TM: Not at all. The approach is the same… there are just more notes for me to learn!
SS: You have had some prior experience conducting for the ballet. How is it different for you and the orchestra?
TM: One very important difference for orchestral musicians when accompanying ballet is that they are totally unaware of the nuances in the dance, unlike accompanying for any other medium. For example, when I accompany a soloist in a concerto or an opera from the pit, the orchestra accompanies them with me; they can hear what the soloist/singer is doing and my gestures are then just a reinforcement of what we are all experiencing together. This is the ideal way to work as an orchestra. The problem with ballet, in this sense, is that the orchestra cannot see or hear the dancers… and even if they could see them, the language of momentum and movement is so different from our own musical versions of those, that they might not necessarily know what exactly they’re accompanying. Therefore, they are just following me “blindly,” so to speak. If I go faster, they just have to go faster with me, etc. I am a middleman, and not a part of an orchestra’s own momentum, which can be terribly uncomfortable for any orchestral musician. The challenge for me, then, is to try and anticipate the stage so that I can work my gestures in a musical way and not surprise the orchestra if I can help it.
SS: I have known some conductors who have refused to play the score for a ballet in any other manner than how it was written. How much leeway do you allow in changing tempos etc. to accommodate the dancers’ needs, if any?
TM: As with any collaboration, there’s certainly some give and take with regards to tempos, etc. Ideally, a conductor would work with a choreographer in a ballet’s initial creative stages to make sure that the dance fits as best as possible with ideal musical conditions. There certainly are tempos that can be much more difficult for musicians to play for both musical and physical reasons. One example would be long held notes for the winds and brass instruments, which might be impossible to sustain if a tempo is too slow. Certain articulations in the string instruments may also be more difficult, since the bow does rely on gravity when it needs to bounce off the string, and therefore the momentum needed to make that happen will rely on the tempo taken, much like what dancers need for certain jumps or twirls. That being said, once a piece is choreographed and the dancers have learned their choreography, I have to be much more flexible with my concept of a piece in order to accommodate the needs of the dancers. Physics is physics, and if something is too fast or too slow, the musicians have to understand what that means for the dancers and accommodate accordingly. There have been times when I have had to push for a slight change in a choreography because of something musical that, because of many years of performances, might have been exaggerated to the point of musical uncomfortability, but that has been rare, and generally the music is there to support the dance.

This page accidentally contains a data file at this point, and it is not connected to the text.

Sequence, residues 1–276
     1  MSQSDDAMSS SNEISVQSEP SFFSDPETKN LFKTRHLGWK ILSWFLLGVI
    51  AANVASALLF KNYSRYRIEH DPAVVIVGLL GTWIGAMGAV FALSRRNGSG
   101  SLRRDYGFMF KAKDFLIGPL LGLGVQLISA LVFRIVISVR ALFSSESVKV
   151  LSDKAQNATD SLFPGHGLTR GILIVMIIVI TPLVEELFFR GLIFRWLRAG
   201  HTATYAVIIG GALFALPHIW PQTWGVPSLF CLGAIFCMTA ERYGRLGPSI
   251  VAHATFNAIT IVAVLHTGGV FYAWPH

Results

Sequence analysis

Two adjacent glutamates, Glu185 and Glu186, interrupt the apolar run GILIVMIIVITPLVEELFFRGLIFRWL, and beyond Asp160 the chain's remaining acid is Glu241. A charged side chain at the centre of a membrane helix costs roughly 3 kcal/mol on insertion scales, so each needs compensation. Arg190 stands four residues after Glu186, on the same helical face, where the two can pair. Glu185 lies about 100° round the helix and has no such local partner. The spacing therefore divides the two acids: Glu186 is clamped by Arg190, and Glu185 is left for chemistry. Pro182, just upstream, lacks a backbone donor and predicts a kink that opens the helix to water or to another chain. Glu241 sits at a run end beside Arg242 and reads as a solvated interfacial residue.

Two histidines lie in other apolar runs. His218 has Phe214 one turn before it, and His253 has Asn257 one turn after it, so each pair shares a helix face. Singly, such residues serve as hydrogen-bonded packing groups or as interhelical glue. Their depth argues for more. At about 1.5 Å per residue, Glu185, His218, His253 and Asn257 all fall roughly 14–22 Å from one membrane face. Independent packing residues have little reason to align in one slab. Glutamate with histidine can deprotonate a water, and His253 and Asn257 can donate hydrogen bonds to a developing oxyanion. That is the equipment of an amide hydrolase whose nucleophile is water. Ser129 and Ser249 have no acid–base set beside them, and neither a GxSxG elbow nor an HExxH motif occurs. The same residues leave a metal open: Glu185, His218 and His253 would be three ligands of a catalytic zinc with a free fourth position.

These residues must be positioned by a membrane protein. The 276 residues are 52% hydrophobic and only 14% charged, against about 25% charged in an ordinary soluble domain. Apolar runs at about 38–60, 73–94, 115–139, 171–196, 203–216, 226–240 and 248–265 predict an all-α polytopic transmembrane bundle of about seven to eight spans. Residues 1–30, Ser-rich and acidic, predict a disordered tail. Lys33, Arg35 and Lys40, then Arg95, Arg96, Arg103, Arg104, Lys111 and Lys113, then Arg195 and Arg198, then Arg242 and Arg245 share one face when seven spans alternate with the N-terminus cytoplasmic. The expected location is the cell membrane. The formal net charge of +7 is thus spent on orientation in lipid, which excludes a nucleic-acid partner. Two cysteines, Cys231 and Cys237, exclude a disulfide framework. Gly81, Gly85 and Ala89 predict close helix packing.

SS: How much rehearsal time will you and the orchestra have with the Joffrey Ballet?
TM: We will have a day of tech rehearsals and a dress rehearsal on the day of the first performance. I will also have a separate rehearsal with the orchestra alone. Before seeing the orchestra, I will also spend a couple of days in Chicago with the dancers to observe their rehearsals.
SS: What do you feel makes for a great performance of The Rite of Spring?
TM: I think the answer to this question is the answer for any piece of music: honesty and integrity. Stravinsky wrote as much down as he could. Being “true to the score” is a very cliche phrase we hear a lot as musicians; it’s something we all should strive to do but, as with any kind of interpreting, it will always be personal and subjective. I think that as long as you have a clear vision and a willingness to put yourself out there and interpret a piece through your own life experiences, then an audience will feel that. I think that’s almost always what makes a great performance…of anything.
In addition to The Rite of Spring, the programs will include Jerome Robbins’ energetic ballet Interplay with music by Morton Gould and choreographer Stanton Welch’s contemporary ballet Son of Chamber Symphony with music of the same name by John Adams.
The Joffrey Ballet and The Cleveland Orchestra present The Rite of Spring, Interplay and Son of Chamber Symphony, 8 p.m., Saturday, August 17 and Sunday, August 18, 2013. Blossom Music Center, 1145 W Steels Corners Rd., Cuyahoga Falls, OH 44223. Pavilion Tickets: $35, $45, $55; Box Seats: $100. Lawn Tickets: $20 (Under 18s Free). 800-686-1141, 216-231-1111 or clevelandorchestra.com.
Copyright – Steve Sucato